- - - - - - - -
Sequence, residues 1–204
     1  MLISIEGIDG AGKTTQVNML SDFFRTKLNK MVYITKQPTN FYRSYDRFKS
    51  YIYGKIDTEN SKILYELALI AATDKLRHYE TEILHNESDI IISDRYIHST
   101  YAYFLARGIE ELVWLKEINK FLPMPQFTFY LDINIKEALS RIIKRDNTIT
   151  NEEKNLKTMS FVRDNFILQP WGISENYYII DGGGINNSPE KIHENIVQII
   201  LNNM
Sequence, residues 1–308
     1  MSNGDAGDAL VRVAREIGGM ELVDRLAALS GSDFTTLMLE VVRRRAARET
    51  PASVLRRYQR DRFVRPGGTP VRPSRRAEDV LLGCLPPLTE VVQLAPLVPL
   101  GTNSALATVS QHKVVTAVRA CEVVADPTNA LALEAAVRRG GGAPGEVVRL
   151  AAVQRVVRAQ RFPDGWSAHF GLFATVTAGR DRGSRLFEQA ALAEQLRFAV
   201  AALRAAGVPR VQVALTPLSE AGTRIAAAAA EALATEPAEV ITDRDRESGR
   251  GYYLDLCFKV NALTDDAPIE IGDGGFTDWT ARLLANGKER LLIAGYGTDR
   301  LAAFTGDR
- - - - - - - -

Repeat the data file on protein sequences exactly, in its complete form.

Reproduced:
Sequence, residues 1–204
     1  MLISIEGIDG AGKTTQVNML SDFFRTKLNK MVYITKQPTN FYRSYDRFKS
    51  YIYGKIDTEN SKILYELALI AATDKLRHYE TEILHNESDI IISDRYIHST
   101  YAYFLARGIE ELVWLKEINK FLPMPQFTFY LDINIKEALS RIIKRDNTIT
   151  NEEKNLKTMS FVRDNFILQP WGISENYYII DGGGINNSPE KIHENIVQII
   201  LNNM
Sequence, residues 1–308
     1  MSNGDAGDAL VRVAREIGGM ELVDRLAALS GSDFTTLMLE VVRRRAARET
    51  PASVLRRYQR DRFVRPGGTP VRPSRRAEDV LLGCLPPLTE VVQLAPLVPL
   101  GTNSALATVS QHKVVTAVRA CEVVADPTNA LALEAAVRRG GGAPGEVVRL
   151  AAVQRVVRAQ RFPDGWSAHF GLFATVTAGR DRGSRLFEQA ALAEQLRFAV
   201  AALRAAGVPR VQVALTPLSE AGTRIAAAAA EALATEPAEV ITDRDRESGR
   251  GYYLDLCFKV NALTDDAPIE IGDGGFTDWT ARLLANGKER LLIAGYGTDR
   301  LAAFTGDR